Throughout his 39 years, Burbank High alumnus Freddy Sanchez has known two sides of clubfoot.
Around 150,000-200,000 babies per year are afflicted with clubfoot, which the Mayo Clinic describes as “a range of foot abnormalities usually present at birth (congenital) in which your baby's foot is twisted out of shape or position. In clubfoot, the tissues connecting the muscles to the bone (tendons) are shorter than usual.”
Surgery at a young age corrected his clubfoot, but not without cost, as Sanchez believes his Major League Baseball career that saw him win the 2010 World Series as a member of the San Francisco Giants was cut short.
Throughout the years, Sanchez endured aches and pains and turned to ice packs and hot baths for relief.
For the Glendale Community College Hall of Famer, triumph through pain seemed natural. Sanchez even reached the point where his sons — Evan, 12, and Ryan, 9 — asked their father about his habits.
“I think the clubfoot affects the knee down and it started to take a toll on my body as I was playing and I was doing a lot of rehab, just trying to stay on the field,” Sanchez said. “They would ask, ‘Why are you icing your ankle and why are you doing this?’ That was probably 2-3 years ago when we finally starting talking about it and letting them know about it.”
For all the obstacles, Sanchez carved himself a wonderful career that spanned parts of 10 seasons and included stops in Boston, Pittsburgh and San Francisco. The right-handed infielder finished with a .297 career batting average over 904 games and 3,402 at-bats.
It seemed like there wasn’t much to learn or experience, nor was there a need for new experiences in regard to clubfoot.
So, when Sanchez, his wife Alissa (a former Burbank High cheerleader) and their two sons agreed to participate in festivities for World Clubfoot Awareness Day (June 3) in Iowa, assumptions were non-existent.
“We didn’t have any expectations,” Freddy Sanchez said. “We just wanted to see the facilities and the center and we left there taken aback. It was just a great, great experience.”
The family left their Chandler, Ariz. home on May 31 and returned from Iowa on June 5 with many memories and a different perspective.
The Sanchez family participated in several events with one highlight being a tour of the University of Iowa and its athletic facilities by Hawkeyes football coach Kirk Ferentz.
“I love the USC Trojans, but now I have a second favorite team and it’s the Iowa Hawkeyes,” Freddy Sanchez said. “Everyone at Iowa was so friendly and inviting and the weather was beautiful. There wasn’t anything I could have asked for.”
Alissa Sanchez agreed.
“I guess I wasn’t expecting everyone to be as welcoming as they were,” she said. “The University of Iowa gave us individual private tours and they gave us all T-shirts and they gave my boys all sorts of goodies.”
Freddy Sanchez was the guest of honor at the Ponseti Kids for a Cause Triathlon, which took place June 3 in Coralville, Iowa. Sanchez signed autographs before and after the competition and kicked off the event, which was geared for children from 7-14.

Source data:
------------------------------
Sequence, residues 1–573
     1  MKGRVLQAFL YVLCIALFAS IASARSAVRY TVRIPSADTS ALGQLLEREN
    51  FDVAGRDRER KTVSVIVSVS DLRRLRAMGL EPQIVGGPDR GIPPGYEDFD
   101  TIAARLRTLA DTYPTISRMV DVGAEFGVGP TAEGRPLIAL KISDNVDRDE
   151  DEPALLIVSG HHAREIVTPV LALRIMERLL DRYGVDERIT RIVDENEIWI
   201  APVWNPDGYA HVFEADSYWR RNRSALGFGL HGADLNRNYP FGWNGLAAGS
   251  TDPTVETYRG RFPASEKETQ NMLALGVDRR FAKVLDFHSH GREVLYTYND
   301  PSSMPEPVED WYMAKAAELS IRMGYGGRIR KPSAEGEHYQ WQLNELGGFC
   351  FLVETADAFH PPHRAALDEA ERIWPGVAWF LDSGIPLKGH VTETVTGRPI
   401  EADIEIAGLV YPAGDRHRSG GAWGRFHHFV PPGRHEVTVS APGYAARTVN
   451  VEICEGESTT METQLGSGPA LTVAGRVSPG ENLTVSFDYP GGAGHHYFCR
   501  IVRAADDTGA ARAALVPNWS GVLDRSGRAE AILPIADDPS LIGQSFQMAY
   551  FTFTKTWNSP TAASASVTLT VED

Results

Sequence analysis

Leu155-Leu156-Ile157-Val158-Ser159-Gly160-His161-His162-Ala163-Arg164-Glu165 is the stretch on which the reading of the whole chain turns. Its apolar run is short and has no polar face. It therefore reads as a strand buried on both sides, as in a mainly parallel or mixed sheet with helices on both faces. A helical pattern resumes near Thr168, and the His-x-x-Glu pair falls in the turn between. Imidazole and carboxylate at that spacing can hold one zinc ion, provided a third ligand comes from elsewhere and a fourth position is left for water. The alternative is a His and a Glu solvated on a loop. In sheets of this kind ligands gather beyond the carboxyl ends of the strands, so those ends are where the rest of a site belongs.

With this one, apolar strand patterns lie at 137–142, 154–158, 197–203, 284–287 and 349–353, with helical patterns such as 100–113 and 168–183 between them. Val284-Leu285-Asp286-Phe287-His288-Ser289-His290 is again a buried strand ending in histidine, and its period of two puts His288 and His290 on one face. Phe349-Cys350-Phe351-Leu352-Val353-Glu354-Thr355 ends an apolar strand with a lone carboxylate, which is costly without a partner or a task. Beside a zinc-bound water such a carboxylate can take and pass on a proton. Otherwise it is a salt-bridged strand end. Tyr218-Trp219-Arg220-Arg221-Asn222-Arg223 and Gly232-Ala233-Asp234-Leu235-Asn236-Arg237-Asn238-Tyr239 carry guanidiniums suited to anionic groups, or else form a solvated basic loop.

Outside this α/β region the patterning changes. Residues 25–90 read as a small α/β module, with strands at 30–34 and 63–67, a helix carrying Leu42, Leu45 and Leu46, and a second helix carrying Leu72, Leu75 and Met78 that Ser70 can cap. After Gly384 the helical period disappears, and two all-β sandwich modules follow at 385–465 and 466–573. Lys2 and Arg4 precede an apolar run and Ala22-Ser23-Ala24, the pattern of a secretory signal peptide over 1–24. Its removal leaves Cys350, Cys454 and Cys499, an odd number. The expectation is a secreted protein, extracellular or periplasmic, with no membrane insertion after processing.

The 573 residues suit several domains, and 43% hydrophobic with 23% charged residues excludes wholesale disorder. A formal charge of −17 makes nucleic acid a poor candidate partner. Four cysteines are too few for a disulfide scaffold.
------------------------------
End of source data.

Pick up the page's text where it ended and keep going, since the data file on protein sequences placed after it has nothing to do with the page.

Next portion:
It was on this specific day that the Sanchez family ran into a particularly inspiring child: Julius Thukral of St. Paul, Minn.
The 14-year-old was born with two clubfeet, but still participated in the triathlon.
“I don’t know if it surprised me or caught me off guard, but when I thought of clubfoot, I didn’t think of dual clubfeet,” Freddy Sanchez said. “I just figured everyone was born with one. So, when I got out there, we met a couple of kids that were born with both and … it gave me a new perspective.”
Thukral is an avid soccer player and skier.
“Julius is an amazing kid and an inspiration to my children,” Alissa Sanchez said. “To see him out there competing and overcoming clubfeet, it was wonderful.”
Despite Thukral’s condition, the youngster has an advantage that Freddy Sanchez never had.
Thukral’s family doesn’t have to opt for painful surgery as Sanchez did decades earlier. Thukral is undergoing specialized treatment for his feet using the Ponseti Method, which was named after former University of Iowa orthopedic surgeon Ignacio Ponseti of Spain.
The method calls for gentle rubbing, manipulating and ultimately reshaping of the clubfoot using a plaster cast over the course of a few years.
“When we saw Julius, golly, he’s got two club feet and he’s riding his bike, swimming and he’s doing everything,” Freddy Sanchez said. “It just made you feel good that the Ponseti Method can do wonders.”
The Sanchez family’s involvement was orchestrated by Todd Becker, the managing director at Clubfoot Solutions of Cedar Rapids, Iowa.
Clubfoot Solutions is a nonprofit organization that champions clubfoot awareness and the Ponseti Method. The group also created the “Iowa Brace,” a small device worn to help ward off clubfoot recurrence.
Perhaps Freddy Sanchez was most impressed with Dr. Jose Morcuende, co-founder of Clubfoot Solutions.
“We really didn’t have expectations, we just wanted to go meet Dr. Morcuende,” Freddy Sanchez said. “What a great guy, Dr. M is. He’s just unbelievable.”
Though World Clubfoot day’s main aim was to draw awareness of a rather common infliction and its not-so-known cures and remedies, the week’s events had an added affect.
“Like anything else, you have to do your research to realize OK, is this something that we really want to back totally and once we did our research and continued to talk to Todd, then it became just a no-brainer,” Freddy Sanchez said. “We’re just a tiny part of it, but any little thing that we can do to help, we told them we wanted to and we told them we’d like to go out there annually or every other year to see the kids or see Dr. M.”